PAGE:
Quote: "I hate to break it to you but you still have to deal with ice snow breakdowns and trucks running late, plus a whole lot more. Be prepared to be chewed on constantly as to where a specific truck is, why hasn't my load delivered on time, or how in the world do I cover this load at 5 pm on a Friday because a truck broke down and can't make a scheduled pickup (something I have been on both sides of many many times.) You have to have thick skin to listen to drivers who constantly complain that rates are too low,(which they are), but you also have to have the patience of Job when something goes wrong at home and you have to re shuffle your deck to get a driver home to take care of emergency personal business. Be prepared to listen to a driver gripe that he doesn't want to haul a certain load even though he is right on top of it and it pays $4/mi, but the product is something he doesn't like to haul or it goes someplace the driver doesn't like to go. Just a few of the situations you will need to be prepared for should you decide to become a broker. It isn't all peach fuzz and rose petals. I have been on both sides of this desk as a broker and also as a driver/owner operator. IT AIN'T EASY ON EITHER SIDE!!! Yeah there are snow storms, traffic jams, breakdowns, idiots in 4 wheelers that seem to be attracted to the front bumper of your truck when they cut you off in traffic. With all the drawbacks involved on both sides of this equation, why would anyone in their right mind do either of these jobs? I don't think any one answer will completely cover it. For me, I broker because I enjoy it. The margins are tight (8% in my case) but the quality of the people I have running for me, and the quality of people we serve make it worth while. Besides it beats scooping out boot pits (which i have spent many many hours doing). Why do you drive a truck??? "

The broker just takes his 10% and if you don’t deliver on time. He she just finds someone else. Look at the hunter Hansen. He got his leads from east central who claimed he lost 500000 in broker fees

how about all the times east central asked what do you charge to go point a to point be

you tell him a quote. Then dirty dan says ok and then tells you there is a 10% broker fee on your rate. He never mentioned a broker fee was to be added. He asked what you want to haul.

Then you bill the farmer or shipper your discussed rate and have to explain that there is a broker fee on top of the rate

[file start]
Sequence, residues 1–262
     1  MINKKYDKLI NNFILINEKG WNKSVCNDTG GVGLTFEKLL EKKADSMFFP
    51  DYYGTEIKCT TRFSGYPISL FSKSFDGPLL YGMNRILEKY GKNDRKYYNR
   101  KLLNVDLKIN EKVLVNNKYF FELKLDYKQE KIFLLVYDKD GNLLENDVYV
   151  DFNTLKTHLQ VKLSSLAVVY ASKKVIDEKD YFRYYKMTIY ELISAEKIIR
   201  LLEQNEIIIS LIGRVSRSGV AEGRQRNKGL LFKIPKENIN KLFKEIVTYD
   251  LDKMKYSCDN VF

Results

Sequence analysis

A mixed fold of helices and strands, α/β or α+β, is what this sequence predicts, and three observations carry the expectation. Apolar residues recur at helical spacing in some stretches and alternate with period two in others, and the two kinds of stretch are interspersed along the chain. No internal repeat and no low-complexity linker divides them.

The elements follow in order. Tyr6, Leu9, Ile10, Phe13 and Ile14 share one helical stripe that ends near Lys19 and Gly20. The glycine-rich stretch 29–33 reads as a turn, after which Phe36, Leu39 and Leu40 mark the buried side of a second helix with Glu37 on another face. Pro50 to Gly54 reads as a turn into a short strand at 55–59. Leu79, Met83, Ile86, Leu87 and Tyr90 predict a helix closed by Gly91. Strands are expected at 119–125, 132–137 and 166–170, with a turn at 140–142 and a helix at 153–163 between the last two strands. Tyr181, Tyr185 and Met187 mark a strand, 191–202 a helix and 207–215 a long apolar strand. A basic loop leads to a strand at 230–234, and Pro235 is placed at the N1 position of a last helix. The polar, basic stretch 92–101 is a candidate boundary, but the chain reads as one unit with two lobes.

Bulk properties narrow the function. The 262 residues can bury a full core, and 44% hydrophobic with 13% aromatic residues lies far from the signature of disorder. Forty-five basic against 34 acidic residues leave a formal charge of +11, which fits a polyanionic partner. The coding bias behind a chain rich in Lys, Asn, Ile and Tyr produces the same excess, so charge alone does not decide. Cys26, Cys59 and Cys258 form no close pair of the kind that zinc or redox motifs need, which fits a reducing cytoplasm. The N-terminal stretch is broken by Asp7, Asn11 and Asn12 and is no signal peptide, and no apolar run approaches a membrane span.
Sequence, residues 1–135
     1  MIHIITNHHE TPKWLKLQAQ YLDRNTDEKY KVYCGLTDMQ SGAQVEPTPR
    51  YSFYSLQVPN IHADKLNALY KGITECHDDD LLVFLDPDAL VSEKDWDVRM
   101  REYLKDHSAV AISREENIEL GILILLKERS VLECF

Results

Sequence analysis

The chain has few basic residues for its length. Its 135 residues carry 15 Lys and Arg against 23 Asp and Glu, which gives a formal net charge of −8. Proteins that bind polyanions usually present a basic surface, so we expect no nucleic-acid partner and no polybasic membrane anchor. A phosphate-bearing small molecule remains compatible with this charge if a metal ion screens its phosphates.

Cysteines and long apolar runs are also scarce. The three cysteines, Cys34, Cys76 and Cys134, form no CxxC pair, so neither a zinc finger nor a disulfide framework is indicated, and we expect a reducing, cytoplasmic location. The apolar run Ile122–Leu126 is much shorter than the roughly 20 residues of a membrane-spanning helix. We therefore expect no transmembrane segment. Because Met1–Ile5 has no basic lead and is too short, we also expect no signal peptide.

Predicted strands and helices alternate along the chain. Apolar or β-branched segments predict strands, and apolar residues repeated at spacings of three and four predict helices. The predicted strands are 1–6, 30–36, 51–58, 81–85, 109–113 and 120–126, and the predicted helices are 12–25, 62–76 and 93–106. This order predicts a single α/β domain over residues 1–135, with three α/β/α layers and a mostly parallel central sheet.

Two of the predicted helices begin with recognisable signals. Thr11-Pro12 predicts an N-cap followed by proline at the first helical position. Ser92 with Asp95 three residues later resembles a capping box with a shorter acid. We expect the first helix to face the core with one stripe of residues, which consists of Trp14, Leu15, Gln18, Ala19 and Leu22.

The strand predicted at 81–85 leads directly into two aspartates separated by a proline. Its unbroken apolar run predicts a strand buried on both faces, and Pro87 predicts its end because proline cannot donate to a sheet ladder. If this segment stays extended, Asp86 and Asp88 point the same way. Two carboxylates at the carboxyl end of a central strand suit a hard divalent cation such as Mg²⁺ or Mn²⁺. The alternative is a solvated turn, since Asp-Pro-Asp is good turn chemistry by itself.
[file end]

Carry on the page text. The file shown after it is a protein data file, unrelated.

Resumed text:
Replied on Mon, Oct 14, 2019 at 03:32 PM CST
+ 2
Lie to the shipper with 'my carriers won't haul it for that, they need $X....'
Then lie to the carrier with 'my shippers won't pay that, they will only pay $X....'
Charge the shipper more, pay the carrier less.
How do we know there's more $$ in brokering than trucking? Easy, how many truckers/drivers have you heard say 'I used to be a broker'. None, its always brokers saying 'I used to drive/have a fleet/etc...'
Replied on Mon, Oct 14, 2019 at 04:31 PM CST
- 1

Or you deal with a broker that gives 2.25 a mile and you ask what do you have to come back. All they say is you are on your own

The broker will forget to tell you that “oh they close at 3 on Thursday for the weekend” and you are 30 minute out and couldn’t get an answer where your unload is.

Replied on Tue, Oct 15, 2019 at 07:24 AM CST
+ 2 - 1
Thank you all for the words and thoughts Just looking at a different avenue of work dealing with trucking Love the truck and the picture has,,,,just rates fizzling out,,repairs going up and more and more permits here and there and more rules added each day on government policies,,,,makes it hard to enjoy the truck theory as much as I used to Trucking has become a lot like farming,,,,,put in all the hours doing it and paperwork and repairs and in the end you should never look at the hours you put into it all and put a dollar amount on it,,,,,bankers tell you one thought and the heart that tells you your doing it cuz you love it is another
Replied on Fri, Oct 25, 2019 at 07:23 AM CST

Hi Scott, If you would like more info I'd like to hear from you. 701-289-1108